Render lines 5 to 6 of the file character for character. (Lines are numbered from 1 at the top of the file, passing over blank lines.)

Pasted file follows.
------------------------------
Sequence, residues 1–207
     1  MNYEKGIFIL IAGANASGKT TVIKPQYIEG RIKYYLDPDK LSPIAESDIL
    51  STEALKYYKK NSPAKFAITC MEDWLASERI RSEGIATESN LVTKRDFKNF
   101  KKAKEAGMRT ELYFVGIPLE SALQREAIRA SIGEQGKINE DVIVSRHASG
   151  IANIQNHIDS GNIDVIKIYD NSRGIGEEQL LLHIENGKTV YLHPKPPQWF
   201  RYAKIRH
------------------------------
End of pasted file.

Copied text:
   151  IANIQNHIDS GNIDVIKIYD NSRGIGEEQL LLHIENGKTV YLHPKPPQWF
   201  RYAKIRH